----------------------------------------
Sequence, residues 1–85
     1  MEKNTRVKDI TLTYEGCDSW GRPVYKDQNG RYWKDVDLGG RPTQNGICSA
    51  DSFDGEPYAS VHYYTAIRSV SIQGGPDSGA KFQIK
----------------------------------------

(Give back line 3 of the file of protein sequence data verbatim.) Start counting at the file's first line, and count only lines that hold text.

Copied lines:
    51  DSFDGEPYAS VHYYTAIRSV SIQGGPDSGA KFQIK